By Anna Pulley
By Erin Sherbert
By Chris Roberts
By Erin Sherbert
By Rachel Swan
By Joe Eskenazi
By Erin Sherbert
By Erin Sherbert
From the back of the ambulance, which has been made into a sort of rolling homeless shelter, McElree and an assistant hand out hot soup and Army-issue MREs (meals ready to eat), surplus sleeping bags, desert night camouflage pants and coats. A storm is coming, and staying warm will be important. They also take a census -- thus far, they have tallied 56 landfill residents, although there may be others who choose to remain hidden.
The procession continues for half an hour. Dogs mill about, sniffing the wind. There are a few women and a few men who look like they don't come out of the bushes all that often. Jean Paul, who can be a hermit at times, doesn't show up. One man strips off his rancid jeans on the spot and dons new military attire. Brian Lee, 48, stands in the freezing wind wearing nothing but jeans and a T-shirt. A burly man with a tangled red beard whose arms are crisscrossed with scratches, Lee points to a heap of concrete and twisted metal and says that it will be his new home, that he will hollow it out, reinforce it with beams, and put a steel door on the front with a sign on it that says he's never there.
Someone once told McElree that by doing what he does, by providing comfort, he is actually enabling the campers, making it easier for them to stay. "People look at it the way they have to look at it," he says. "I'm just trying to do something humane."
He would like to help everyone, of course -- he himself has been homeless, twice -- but many here are too rowdy for shelters, and would get kicked out. There are usually drug or alcohol issues; in some cases there are mental issues; often, there are issues that take months to uncover. It can be a two- or three-year process, he says, and before that even starts, a person has to want to be inside, which many do not.
As the last stragglers disappear into the bushes, the ambulance rolls down to the Plateau, to check on Tricycle Johnny. McElree, who is a paramedic, slips on a pair of rubber gloves and ducks into John's tent, checks his skin temperature, his pulse, has him squeeze with one hand, then the other, to see if he may have had a stroke at some point. Though he lies under seven or eight blankets, John's skin is freezing cold. He has back problems, foot problems, God knows what else, and since he has stopped coming out of his tent -- it's been nearly a week -- this will create still more problems.
Tricycle Johnny begins wailing, a bloodcurdling howl somewhere between dementia and pure raw agony, and continues after McElree has left the tent. He howls as though someone is in there with him, tearing him apart with knives. Everyone stands around, evaluating the situation. It is horrible. There must be something somebody can do.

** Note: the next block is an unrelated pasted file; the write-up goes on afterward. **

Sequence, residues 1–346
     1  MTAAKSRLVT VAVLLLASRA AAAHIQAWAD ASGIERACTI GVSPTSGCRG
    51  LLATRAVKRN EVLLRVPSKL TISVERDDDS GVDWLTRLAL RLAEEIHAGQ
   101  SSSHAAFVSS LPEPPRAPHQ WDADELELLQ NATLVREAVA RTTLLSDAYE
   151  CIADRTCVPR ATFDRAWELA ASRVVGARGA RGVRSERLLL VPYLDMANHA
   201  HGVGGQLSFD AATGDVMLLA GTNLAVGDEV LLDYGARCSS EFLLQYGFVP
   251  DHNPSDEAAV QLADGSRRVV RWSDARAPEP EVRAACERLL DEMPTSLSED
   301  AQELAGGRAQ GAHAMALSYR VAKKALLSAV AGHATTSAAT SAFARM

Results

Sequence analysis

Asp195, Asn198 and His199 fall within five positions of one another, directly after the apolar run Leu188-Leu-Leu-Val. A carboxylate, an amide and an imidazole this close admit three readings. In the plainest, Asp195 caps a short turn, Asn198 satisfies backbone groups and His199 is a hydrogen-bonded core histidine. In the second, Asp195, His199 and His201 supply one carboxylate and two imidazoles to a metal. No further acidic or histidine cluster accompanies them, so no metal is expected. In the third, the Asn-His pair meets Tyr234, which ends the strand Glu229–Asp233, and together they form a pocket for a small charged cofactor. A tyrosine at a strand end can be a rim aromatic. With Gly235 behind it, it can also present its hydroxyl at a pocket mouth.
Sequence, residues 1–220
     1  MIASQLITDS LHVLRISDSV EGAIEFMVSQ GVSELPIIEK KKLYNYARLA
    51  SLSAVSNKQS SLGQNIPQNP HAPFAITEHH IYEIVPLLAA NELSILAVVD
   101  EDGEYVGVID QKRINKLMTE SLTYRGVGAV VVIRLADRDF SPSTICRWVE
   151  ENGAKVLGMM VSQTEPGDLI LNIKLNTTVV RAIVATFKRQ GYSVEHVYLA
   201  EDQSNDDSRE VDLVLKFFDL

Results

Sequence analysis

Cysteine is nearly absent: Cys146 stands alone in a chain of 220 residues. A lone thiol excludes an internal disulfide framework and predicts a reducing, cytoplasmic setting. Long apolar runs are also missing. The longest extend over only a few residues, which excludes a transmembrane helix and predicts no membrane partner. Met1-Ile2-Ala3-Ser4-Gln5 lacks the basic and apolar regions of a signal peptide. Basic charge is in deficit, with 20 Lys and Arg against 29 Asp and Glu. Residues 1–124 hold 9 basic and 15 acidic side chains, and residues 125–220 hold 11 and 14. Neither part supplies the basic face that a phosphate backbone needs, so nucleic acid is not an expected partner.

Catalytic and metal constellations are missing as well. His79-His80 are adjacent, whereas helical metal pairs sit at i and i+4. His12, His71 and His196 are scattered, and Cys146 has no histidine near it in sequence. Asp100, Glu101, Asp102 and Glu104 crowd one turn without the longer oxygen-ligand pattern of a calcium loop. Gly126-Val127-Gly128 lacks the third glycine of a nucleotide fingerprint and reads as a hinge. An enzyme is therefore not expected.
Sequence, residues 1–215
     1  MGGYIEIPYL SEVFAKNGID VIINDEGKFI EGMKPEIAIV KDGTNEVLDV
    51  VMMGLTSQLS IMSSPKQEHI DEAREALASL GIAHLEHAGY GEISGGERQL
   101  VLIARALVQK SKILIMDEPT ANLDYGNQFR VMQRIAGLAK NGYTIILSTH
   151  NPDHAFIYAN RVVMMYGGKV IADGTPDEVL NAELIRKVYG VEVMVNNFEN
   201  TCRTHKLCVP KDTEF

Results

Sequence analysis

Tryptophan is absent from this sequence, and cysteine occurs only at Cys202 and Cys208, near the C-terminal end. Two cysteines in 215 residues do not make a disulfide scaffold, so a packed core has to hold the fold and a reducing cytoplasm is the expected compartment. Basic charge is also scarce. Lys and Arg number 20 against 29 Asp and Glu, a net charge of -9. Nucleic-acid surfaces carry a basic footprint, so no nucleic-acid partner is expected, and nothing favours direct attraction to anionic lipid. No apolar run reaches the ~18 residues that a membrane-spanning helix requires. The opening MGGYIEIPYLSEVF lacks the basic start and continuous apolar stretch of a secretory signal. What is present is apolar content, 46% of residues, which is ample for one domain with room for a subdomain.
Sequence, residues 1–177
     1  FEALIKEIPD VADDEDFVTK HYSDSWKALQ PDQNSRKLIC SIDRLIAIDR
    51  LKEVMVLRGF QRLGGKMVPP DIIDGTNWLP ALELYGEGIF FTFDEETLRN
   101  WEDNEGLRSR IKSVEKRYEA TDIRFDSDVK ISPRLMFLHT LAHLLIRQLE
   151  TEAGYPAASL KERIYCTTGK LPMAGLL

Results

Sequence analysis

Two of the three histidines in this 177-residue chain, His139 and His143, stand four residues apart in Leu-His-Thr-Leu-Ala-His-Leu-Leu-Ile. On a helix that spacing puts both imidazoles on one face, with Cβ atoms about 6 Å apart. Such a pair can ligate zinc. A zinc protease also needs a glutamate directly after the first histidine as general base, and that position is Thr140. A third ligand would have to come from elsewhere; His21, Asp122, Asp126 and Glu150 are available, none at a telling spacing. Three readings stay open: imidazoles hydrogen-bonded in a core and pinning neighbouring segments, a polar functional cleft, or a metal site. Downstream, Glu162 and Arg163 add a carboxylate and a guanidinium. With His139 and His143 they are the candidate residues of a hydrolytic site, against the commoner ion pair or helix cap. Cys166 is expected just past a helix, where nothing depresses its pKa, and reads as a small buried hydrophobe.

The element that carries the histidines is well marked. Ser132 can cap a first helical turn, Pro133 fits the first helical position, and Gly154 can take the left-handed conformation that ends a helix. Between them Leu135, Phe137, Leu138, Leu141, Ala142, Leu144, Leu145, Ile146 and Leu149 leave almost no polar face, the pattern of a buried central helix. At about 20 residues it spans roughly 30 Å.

There isn't, since John doesn't want to go to a hospital, and would rather his own people take care of him. He quiets down.
Sarah passes by with a bundle of food and clothes -- the MREs are killer, and she likes the Tootsie Rolls too. The wind picks up. Council member Maris returns a coat he has borrowed. It is so cold that his lips have turned blue.
It rains for four days. The windchill drops into the 30s. The water roars down in sheets. Sarah lies awake at night, listening to the gale tear at the top of her wigwam, wondering if she'll be blown off the face of the earth. She's well-lashed, that's not the problem. It's just the sound of it, which is terrible.
On Monday afternoon, the third day of the storm, the rain begins to ease off. Puddles of muddy water reflect a cold gray sky. Brian Lee is in his tent, sleeping, and won't come out. Though a radio is playing in Jean Paul's tent, he doesn't answer. He's probably there, since batteries are expensive, but the rule on the Albany Landfill is that you announce yourself when approaching someone's camp. If he doesn't respond, you let him be.
Robert the Rabbit has been reading a Dean Koontz novel. He says his first storm on the landfill tore his tent to pieces -- he sat awake all night, shivering, depressed, surrounded by water, cradling Monkey in his lap. He rebuilt using tarps, and the second storm told him where his vulnerabilities were. Since the third and fourth, he's been doing fine. The key is to have some sort of light, so you can read.
Robert takes a seat and tells his story. He smokes, listens to the rain, watches the lights wink on in the hills. Sometimes he's happy with the way things are, and sometimes he isn't. When he was young, he wanted to be an artist, and figured if he just kept at it he would succeed. At 16, he left Michigan for the Haight, which he'd read about; he got an art degree from UC Berkeley; he worked as a picture framer for 13 years. The pay was never very good; he was never too good with authority, either; he worked temp jobs; he and two friends had a place in San Pablo, but none of them could keep it together. He first lived outside, on private property, two years ago. After that, he had an apartment in Oakland, which he lost, so he came here.